Complex Regional Pain Syndrome
Complex regional pain syndrome (CRPS), formerly reflex sympathetic dystrophy (RSD) or "causalgia", reflex neurovascular dystrophy (RND), or amplified musculoskeletal pain syndrome (AMPS), is a chronic systemic disease characterized by severe pain, swelling, and changes in the skin. CRPS is expected to worsen over time. It often initially affects an arm or a leg and often spreads throughout the body; 92% of patients state that they have experienced a spread, and 35% of patients report symptoms in their whole body. Recent evidence has led to the conclusion that Complex Regional Pain Syndrome is a multifactorial disorder with clinical features of neurogenic inflammation, nociceptive sensitisation (which causes extreme sensitivity or allodynia), vasomotor dysfunction, and maladaptive neuroplasticity, generated by an aberrant response to tissue injury. Treatment is complicated, involving drugs, physical therapy, psychologic treatments, and neuromodulation and usually unsatisfactory, especially if begun late.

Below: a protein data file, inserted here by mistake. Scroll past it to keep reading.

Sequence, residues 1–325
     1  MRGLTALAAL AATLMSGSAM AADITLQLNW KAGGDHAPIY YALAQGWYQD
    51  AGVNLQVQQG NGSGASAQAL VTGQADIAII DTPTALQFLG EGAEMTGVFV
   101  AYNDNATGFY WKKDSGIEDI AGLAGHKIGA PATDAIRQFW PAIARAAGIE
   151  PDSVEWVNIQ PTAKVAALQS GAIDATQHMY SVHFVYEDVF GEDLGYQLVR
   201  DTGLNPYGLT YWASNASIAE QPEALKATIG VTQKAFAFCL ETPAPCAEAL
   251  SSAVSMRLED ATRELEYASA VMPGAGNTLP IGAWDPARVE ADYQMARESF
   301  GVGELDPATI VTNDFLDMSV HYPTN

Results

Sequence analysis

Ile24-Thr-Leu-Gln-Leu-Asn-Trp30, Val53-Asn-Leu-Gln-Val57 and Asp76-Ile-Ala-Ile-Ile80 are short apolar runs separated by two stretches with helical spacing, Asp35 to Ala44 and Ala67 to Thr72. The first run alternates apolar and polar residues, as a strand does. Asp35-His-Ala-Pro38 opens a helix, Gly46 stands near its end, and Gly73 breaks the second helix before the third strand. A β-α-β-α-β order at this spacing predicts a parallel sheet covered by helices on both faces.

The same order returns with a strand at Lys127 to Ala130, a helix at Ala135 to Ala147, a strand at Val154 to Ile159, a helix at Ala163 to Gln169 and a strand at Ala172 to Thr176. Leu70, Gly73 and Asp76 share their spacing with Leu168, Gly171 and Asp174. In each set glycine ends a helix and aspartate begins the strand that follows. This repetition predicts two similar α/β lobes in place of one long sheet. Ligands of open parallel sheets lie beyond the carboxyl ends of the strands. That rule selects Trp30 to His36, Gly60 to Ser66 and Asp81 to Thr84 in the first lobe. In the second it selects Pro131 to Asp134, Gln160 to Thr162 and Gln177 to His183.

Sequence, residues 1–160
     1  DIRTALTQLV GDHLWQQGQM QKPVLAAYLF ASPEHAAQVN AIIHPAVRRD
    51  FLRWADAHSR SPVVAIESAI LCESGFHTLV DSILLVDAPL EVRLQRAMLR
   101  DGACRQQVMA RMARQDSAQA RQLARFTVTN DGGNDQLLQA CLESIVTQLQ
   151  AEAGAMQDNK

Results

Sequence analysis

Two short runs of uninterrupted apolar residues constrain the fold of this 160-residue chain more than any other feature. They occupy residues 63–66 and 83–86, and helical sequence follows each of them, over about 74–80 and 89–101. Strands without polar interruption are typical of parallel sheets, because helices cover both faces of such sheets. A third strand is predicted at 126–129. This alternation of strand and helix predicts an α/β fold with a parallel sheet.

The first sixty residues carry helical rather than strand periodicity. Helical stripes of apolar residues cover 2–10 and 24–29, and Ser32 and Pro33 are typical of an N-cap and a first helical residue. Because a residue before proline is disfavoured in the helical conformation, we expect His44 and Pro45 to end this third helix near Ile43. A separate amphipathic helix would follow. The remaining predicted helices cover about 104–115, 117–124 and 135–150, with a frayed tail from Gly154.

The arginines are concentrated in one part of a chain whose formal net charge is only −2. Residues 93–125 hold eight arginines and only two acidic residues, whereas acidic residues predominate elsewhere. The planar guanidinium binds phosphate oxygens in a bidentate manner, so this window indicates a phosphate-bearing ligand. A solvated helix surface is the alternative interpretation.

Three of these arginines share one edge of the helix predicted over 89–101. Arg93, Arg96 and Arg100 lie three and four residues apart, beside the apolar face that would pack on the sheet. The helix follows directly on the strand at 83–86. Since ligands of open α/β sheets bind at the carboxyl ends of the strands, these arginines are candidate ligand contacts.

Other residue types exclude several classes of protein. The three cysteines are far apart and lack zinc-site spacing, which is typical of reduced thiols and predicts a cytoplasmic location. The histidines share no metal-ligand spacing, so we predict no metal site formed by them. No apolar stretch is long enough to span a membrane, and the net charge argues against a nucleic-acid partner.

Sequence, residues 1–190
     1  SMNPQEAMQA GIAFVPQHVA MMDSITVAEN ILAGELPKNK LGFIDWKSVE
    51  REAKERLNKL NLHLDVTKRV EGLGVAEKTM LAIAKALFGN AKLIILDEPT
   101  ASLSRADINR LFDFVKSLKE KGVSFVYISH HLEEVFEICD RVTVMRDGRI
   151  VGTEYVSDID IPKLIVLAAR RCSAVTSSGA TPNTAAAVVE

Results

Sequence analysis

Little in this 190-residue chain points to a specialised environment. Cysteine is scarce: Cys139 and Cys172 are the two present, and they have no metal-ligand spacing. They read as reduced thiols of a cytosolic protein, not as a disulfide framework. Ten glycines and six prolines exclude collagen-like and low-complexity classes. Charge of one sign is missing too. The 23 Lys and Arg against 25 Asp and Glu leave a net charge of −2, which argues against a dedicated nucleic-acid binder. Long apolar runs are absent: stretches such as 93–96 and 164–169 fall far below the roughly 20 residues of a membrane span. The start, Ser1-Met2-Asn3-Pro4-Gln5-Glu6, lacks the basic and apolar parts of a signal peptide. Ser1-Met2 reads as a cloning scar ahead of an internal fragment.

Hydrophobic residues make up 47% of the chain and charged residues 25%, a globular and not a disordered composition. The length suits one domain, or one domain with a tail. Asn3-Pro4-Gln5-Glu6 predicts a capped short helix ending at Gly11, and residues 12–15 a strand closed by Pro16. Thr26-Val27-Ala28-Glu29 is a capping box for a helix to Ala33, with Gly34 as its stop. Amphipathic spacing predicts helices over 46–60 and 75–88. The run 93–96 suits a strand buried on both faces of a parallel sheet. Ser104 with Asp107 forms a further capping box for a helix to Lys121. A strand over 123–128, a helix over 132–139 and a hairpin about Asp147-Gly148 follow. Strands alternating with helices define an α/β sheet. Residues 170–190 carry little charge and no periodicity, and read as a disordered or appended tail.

CRPS is associated with dysregulation of the central nervous system and autonomic nervous system resulting in multiple functional loss, impairment, and disability. The International Association for the Study of Pain has proposed dividing CRPS into two types based on the presence of nerve lesion following the injury.
CRPS has the unfortunate honour of being described as being one of the most painful long term conditions, scoring 42 out of a possible 50 on the McGill pain scale, above such events as amputation and childbirth. Lack of social awareness has inspired patients to campaign for more widespread knowledge of CRPS, and lack of clinical awareness has led to the creation of support groups seeking to self-educate with the latest research.